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Tagged : aspen


Tantalizing clean energy: Ted Turner and others on keeping the U.S. in the game

August 23rd, 2010

ASPEN — For four solid days this past week, the historic Hotel Jerome was packed with academics, Forbes list members, Silicon Valley luminaries, government energy leaders and Hollywood activists attending the 7th annual AREDAY conference which brings business, thought leaders and financiers together to wrestle with how the United States can shift to a renewable energy economy.

This brainy jam session at 8,200 feet above sea level takes place far from Washington, and this year, it seemed farther than ever, kicking off just after Congress had split for the summer holiday, with Senate leader Harry Reid announcing that even his scaled down energy bill would not be taken up until after the holiday. This followed the July anti-climatic squelching of the real deal, the once-ambitious Kerry-Lieberman climate/energy bill. So no climate bill, not even a skinny energy bill, and none expected. See ya in September. No, wait, after the election.

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Global warming threatens ski industry with meltdown

February 3rd, 2010

By Bill Sullivan
Green Right Now
Anyone who has ever traveled to a big-time ski resort knows that conquering the mountain is a daunting task – and an expensive one, too.

For the 2009-10season, a one-day lift ticket at Vail (Colorado) is $97 for an adult. Over at Aspen/Snowmass, a two-day advance purchase pass will set you back $191.

Of course, that’s just the beginning. If you’re a flatlander or a relative novice, you’ll probably have to rent equipment. (Plan on $40 a day and up.) If you’ve never skied at all, you’ll want to get a few pointers before climbing onto that lift: At Vail, a one day beginner lesson at Golden Peak Ski and Snowboard School is $165.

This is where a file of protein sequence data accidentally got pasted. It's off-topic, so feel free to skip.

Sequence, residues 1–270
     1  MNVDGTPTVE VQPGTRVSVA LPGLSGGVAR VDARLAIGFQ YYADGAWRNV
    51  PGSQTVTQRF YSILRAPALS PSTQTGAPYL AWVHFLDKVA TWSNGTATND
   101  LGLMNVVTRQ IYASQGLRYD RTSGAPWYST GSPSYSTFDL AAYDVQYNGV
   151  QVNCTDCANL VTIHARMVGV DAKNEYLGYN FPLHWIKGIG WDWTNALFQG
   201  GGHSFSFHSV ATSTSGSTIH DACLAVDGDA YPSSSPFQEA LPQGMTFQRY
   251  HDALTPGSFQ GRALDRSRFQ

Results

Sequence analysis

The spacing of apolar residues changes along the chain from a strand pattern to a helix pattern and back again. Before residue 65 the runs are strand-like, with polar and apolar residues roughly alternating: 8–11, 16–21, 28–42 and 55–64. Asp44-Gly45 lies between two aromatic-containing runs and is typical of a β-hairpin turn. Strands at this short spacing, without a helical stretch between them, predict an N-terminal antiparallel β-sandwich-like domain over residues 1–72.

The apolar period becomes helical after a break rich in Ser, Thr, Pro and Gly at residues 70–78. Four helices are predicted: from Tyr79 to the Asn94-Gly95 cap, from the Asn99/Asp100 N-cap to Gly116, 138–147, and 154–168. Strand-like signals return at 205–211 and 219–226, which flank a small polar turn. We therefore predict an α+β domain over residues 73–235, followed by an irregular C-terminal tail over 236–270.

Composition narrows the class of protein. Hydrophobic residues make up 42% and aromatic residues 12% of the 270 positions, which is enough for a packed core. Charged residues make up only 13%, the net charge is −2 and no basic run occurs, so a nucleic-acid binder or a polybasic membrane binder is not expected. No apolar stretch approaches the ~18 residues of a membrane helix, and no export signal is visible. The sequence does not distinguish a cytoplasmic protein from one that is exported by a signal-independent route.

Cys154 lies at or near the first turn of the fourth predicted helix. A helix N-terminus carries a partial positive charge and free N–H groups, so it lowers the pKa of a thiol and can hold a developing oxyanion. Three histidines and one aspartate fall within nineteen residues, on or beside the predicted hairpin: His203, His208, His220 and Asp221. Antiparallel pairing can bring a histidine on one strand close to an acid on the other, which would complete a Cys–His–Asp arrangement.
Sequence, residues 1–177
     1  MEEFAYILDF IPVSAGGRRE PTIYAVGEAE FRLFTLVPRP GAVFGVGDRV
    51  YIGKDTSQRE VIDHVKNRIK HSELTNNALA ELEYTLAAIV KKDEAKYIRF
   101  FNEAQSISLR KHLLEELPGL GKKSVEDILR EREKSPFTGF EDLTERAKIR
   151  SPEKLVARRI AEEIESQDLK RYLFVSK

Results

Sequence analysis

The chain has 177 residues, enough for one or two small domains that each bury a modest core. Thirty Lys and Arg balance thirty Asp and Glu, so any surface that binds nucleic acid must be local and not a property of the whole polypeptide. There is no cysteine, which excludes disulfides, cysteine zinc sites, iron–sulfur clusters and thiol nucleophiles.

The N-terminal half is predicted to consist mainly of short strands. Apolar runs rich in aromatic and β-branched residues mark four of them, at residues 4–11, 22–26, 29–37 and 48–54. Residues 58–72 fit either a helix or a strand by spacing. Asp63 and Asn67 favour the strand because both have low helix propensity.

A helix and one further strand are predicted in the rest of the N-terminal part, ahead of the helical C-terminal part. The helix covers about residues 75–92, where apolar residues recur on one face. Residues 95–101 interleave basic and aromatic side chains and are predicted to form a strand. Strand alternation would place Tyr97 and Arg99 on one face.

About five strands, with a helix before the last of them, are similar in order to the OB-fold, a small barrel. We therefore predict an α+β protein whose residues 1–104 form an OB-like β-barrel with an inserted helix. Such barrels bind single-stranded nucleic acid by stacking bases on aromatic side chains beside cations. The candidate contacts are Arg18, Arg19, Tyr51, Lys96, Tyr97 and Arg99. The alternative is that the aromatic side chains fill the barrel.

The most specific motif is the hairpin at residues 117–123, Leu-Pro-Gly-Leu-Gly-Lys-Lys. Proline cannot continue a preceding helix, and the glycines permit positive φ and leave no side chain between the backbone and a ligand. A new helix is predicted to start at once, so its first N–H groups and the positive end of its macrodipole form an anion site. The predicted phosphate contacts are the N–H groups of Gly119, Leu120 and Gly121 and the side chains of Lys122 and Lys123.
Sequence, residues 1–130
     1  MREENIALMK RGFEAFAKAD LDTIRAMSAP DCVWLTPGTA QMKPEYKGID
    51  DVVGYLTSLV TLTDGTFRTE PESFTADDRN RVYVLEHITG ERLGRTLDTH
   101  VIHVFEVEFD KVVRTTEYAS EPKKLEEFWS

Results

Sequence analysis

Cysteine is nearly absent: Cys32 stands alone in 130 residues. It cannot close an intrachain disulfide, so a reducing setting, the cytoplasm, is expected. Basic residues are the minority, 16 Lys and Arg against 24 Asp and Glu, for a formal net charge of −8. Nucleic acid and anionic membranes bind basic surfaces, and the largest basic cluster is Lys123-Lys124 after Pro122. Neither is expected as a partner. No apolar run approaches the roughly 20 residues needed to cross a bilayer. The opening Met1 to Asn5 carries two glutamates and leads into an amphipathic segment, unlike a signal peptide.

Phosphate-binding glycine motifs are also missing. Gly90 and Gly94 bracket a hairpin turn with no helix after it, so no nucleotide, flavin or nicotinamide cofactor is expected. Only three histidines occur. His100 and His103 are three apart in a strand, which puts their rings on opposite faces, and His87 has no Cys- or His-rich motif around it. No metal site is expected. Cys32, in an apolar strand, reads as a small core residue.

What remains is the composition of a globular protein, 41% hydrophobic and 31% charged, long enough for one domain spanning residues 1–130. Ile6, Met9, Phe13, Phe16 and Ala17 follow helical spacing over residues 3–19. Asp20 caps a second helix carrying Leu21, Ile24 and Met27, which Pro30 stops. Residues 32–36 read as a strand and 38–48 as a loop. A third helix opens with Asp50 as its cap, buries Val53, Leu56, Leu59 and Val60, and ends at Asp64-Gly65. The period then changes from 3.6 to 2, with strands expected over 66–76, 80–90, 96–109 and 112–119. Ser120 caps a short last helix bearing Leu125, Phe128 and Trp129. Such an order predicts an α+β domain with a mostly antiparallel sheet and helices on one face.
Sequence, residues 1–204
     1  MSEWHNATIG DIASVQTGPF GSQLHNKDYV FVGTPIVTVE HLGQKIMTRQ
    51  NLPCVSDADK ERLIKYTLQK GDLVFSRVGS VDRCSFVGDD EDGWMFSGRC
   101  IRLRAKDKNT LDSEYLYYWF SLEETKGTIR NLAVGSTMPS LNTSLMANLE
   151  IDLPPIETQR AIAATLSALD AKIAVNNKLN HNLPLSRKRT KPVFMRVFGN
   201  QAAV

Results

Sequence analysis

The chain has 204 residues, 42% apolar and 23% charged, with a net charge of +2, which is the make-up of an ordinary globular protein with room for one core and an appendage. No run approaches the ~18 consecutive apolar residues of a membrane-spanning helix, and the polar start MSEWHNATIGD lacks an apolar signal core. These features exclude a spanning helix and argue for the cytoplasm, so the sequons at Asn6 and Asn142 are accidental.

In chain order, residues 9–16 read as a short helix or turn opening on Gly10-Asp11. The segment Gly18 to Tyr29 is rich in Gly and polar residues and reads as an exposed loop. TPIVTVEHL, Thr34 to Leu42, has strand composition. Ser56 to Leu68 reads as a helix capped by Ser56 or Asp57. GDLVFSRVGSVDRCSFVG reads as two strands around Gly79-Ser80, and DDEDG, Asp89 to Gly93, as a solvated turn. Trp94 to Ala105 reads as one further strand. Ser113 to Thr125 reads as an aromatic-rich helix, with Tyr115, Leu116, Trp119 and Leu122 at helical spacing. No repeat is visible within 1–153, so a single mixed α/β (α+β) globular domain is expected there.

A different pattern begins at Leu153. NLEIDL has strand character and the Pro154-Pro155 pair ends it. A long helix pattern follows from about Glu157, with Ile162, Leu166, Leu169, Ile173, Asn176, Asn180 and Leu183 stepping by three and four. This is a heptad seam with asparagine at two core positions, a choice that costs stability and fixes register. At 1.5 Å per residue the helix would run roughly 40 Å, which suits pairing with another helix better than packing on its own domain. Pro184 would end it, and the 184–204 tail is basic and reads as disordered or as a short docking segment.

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At ski resorts green is the new white

October 31st, 2008

By Shermakaye Bass

If skiing or snowboarding is your brood’s idea of the perfect family vacation, then ask yourself: What could make it even “more” perfect?

Powdery white slopes and alpine valleys? Maybe a white Christmas? Chances are when you think of skiing, you think of things white, not green. But the green-ski movement, prompted by U.S. groups like the Ski Area Citizens Coalition (SACC), an outgrowth of nonprofit Colorado Wild, and National Ski Areas Association (NSAA) “Sustainable Slopes” program, is changing that – little by little.

A fairly young endeavor (SACC started in 1999; Sustainable Slopes in 2000), the movement’s emergence reminds us that as healthy and nature-loving as this sport might be, it hasn’t been known for its environmental sensitivity.

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